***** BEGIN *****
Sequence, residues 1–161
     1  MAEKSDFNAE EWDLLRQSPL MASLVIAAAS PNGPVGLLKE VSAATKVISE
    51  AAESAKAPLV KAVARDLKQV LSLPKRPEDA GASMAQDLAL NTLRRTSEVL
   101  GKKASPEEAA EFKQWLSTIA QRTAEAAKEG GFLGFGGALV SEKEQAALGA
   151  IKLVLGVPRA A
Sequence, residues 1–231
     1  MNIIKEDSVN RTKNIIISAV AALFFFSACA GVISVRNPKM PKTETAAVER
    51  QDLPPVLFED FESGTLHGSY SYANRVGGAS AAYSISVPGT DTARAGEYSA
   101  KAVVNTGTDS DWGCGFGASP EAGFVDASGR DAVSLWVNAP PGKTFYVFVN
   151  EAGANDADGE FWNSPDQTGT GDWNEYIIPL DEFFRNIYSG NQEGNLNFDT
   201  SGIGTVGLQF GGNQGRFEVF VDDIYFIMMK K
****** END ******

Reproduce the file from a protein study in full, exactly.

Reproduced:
Sequence, residues 1–161
     1  MAEKSDFNAE EWDLLRQSPL MASLVIAAAS PNGPVGLLKE VSAATKVISE
    51  AAESAKAPLV KAVARDLKQV LSLPKRPEDA GASMAQDLAL NTLRRTSEVL
   101  GKKASPEEAA EFKQWLSTIA QRTAEAAKEG GFLGFGGALV SEKEQAALGA
   151  IKLVLGVPRA A
Sequence, residues 1–231
     1  MNIIKEDSVN RTKNIIISAV AALFFFSACA GVISVRNPKM PKTETAAVER
    51  QDLPPVLFED FESGTLHGSY SYANRVGGAS AAYSISVPGT DTARAGEYSA
   101  KAVVNTGTDS DWGCGFGASP EAGFVDASGR DAVSLWVNAP PGKTFYVFVN
   151  EAGANDADGE FWNSPDQTGT GDWNEYIIPL DEFFRNIYSG NQEGNLNFDT
   201  SGIGTVGLQF GGNQGRFEVF VDDIYFIMMK K